Chronic deficits and a weak economy, combined with erratic leadership from Governor Arnold Schwarzenegger and a deeply polarized legislature, have brought the state to a breaking point.
Last year’s Scorecard noted that the legislative session was dominated by one issue: the state budget. This year, in an economic game of piling on, the state’s chronic budget deficits continued and were compounded by a historically weak economy that produced a California jobless rate above 12 percent. This fiscal and economic one-two punch, combined with erratic leadership from Governor Arnold Schwarzenegger and a deeply polarized legislature, has brought the state to a breaking point.
In the only state that requires a two-thirds vote both to pass a budget and to raise taxes, budgetary sleight-of-hand and “robbing Peter to pay Paul” tactics have become cynical but accepted tools of the budget-writing trade. But at some point the tricks get all used up, the smoke clears and all that’s left is the mirror. California reached that point in 2009. The economic crisis added a genuine fear factor, which cast a pall over the entire 2009 legislative session.
Economic fear is never good for environmental protection. The false dichotomy of “jobs versus the environment” gets severely tested, and that was certainly true in 2009. The year began with the governor using the state budget to insist on exemptions to the California Environmental Quality Act (CEQA) for highway projects and ended with the legislature and the governor enacting a CEQA exemption for a billionaire developer of a new football stadium in Los Angeles. In between, they also granted CEQA exemptions for new power plants and came perilously close to allowing new oil drilling off the California coast. In every case the stated motivations were jobs and increased revenues to the state.
The Scorecard will show that 2009 was a meager year for new environmental legislation, but the same is true across the legislative landscape.
The Scorecard will show that 2009 was a meager year for new environmental legislation, but the same is true across the legislative landscape. The legislature and governor retrenched and hunkered down, focusing their energy on weathering the economic storm and getting the state through the year. One could argue that simply doing that in such an inhospitable environment is an achievement that deserves grudging praise, but no one is stepping forward to offer it. Instead Californians are asking: “Can’t the state do anything right?” Amid calls for a constitutional convention and an overhaul of the state’s tax system, the credibility of California’s governance structure is being challenged as never before.
And the legislature and Governor Schwarzenegger know it. As the year ended, and after months of behind-the-scenes negotiating, they enacted a historic set of bills designed to reform an essential part of the state’s infrastructure that has itself reached a breaking point: the Sacramento-San Joaquin Delta. By enacting policies to restore the delta’s ecosystem and provide a more reliable water supply, the legislative leaders and the governor seemed bound and determined to prove they could act decisively on a big, complicated issue, and there is no issue in California more complicated than water. Their almost desperate effort to get a deal on water bespoke a need not only to fix a broken water supply system, but also to heal a broken system of governance and to prove to voters that, even though pushed to the breaking point, California will make it through.
The Endless Budget Cycle
California is now in an almost endless budget cycle.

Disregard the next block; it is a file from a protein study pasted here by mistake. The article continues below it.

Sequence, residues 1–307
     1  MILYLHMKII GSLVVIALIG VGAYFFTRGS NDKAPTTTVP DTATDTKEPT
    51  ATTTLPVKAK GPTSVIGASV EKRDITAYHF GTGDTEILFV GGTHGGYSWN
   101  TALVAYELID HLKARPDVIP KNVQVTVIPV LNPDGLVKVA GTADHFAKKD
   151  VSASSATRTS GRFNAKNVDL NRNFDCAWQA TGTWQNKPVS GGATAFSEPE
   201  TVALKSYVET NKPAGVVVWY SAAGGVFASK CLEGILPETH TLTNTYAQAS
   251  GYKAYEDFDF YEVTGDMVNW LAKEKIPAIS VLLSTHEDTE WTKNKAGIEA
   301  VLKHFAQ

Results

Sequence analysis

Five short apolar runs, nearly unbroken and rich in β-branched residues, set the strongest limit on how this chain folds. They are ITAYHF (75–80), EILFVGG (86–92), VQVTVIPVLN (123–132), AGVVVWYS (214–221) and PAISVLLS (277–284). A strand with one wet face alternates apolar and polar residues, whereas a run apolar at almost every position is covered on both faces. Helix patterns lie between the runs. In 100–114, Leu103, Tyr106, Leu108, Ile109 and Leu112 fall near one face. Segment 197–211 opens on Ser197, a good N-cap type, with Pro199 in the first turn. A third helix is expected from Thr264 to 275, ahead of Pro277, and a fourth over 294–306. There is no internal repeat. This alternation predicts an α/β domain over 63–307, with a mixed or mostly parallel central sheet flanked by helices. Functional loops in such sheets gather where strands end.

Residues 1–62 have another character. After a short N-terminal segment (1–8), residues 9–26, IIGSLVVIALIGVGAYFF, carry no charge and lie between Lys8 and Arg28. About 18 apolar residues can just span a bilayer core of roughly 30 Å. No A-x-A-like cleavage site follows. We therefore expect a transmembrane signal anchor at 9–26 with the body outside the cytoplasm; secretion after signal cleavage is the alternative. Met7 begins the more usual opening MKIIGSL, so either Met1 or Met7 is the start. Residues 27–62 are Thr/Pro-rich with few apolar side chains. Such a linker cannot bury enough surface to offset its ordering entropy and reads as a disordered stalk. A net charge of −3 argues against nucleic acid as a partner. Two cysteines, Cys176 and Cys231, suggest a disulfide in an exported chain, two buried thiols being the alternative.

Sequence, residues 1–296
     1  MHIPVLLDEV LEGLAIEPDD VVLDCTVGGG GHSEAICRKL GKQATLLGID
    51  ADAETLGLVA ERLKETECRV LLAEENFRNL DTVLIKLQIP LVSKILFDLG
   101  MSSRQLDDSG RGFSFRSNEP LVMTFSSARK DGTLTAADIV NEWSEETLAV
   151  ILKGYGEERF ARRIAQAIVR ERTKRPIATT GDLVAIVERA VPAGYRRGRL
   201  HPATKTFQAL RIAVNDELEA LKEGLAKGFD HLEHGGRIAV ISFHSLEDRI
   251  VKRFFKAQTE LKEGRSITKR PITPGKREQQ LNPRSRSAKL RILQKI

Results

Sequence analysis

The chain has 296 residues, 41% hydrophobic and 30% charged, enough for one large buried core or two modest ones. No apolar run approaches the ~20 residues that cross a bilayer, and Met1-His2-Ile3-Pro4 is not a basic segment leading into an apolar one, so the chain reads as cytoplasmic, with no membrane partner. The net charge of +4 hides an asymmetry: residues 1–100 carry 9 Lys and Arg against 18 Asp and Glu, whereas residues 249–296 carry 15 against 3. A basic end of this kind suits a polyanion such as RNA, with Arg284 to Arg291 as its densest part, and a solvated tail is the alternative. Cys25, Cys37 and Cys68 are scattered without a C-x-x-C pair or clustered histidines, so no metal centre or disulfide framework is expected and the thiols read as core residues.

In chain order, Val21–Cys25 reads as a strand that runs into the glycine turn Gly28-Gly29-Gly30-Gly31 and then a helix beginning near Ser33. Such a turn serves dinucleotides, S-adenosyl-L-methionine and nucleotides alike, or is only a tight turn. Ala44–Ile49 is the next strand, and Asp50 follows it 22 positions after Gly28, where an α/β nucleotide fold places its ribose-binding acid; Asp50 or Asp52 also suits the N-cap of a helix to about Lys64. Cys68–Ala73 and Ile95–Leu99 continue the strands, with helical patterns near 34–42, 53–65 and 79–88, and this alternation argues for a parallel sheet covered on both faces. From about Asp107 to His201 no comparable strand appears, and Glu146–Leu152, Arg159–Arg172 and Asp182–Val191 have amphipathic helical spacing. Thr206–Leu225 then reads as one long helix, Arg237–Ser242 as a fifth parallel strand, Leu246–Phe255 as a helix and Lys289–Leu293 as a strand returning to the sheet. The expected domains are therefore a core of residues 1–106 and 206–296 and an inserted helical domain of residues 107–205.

The California Constitution says the state has an annual budget cycle. One of the commonly proposed governance reforms is to move to a two-year budget cycle, to allow longer-term planning and to flatten out the normal dips and swells in revenues. Instead, California is now in an almost endless budget cycle.
In 2008 the budget, due in July, was signed in late September after a record-long holdout by Republicans to put up the needed votes to achieve two-thirds passage. By November 2008 the bottom had fallen out of the state and national economies, and the remainder of the 2008–2009 budget faced an $11 billion shortfall. Worse yet, between November 2008 and February 2009 the projected deficit in the 2009–2010 budget year ballooned from $13 billion to $30 billion. In February the legislature and governor finally reached a tortured agreement on an 18-month spending plan that included deep spending cuts and new revenues as well as a package of budgetary and spending changes that required voter approval on the May 2009 ballot.
Alas, the voters rejected the package of ballot measures; meanwhile the economy continued to decline. In July the governor and legislature reached agreement on the state’s third budget in a ten-month period, with an additional $16 billion in spending cuts and $8 billion in various new revenues, fund shifts and various other gambits.
With the distance of a little time, this saga may seem merely unfortunate. In fact, it represents the most sustained and destructive challenge to the ability of the state to meet its obligations since the Great Depression. And the emotions of the involved elected officials were rubbed raw. This is the setting in which the California League of Conservation Voters and its environmental colleagues and legislative allies fought to protect and advance environmental progress in 2009.
Environmentalists played defense more than offense in 2009.
In this perfect storm of economic and budget meltdown, environmentalists played defense more than offense in 2009.
CEQA exemptions for highway projects: In December 2008 the governor demanded that ten road and highway projects, including two major projects that were the subject of ongoing litigation, be exempted from CEQA review as a way to create jobs in a rapidly declining economy. Environmentalists, led by CLCV, convinced Senate President pro Tempore Darrell Steinberg to delay a vote and force Caltrans and the other parties to the table to try to settle the lawsuits. The strategy was successful and the cases were settled, removing a dangerous precedent of legislative interference in court cases. The legislature did, however, approve CEQA exemptions for the minor projects in AB 8 x2 (Nestande).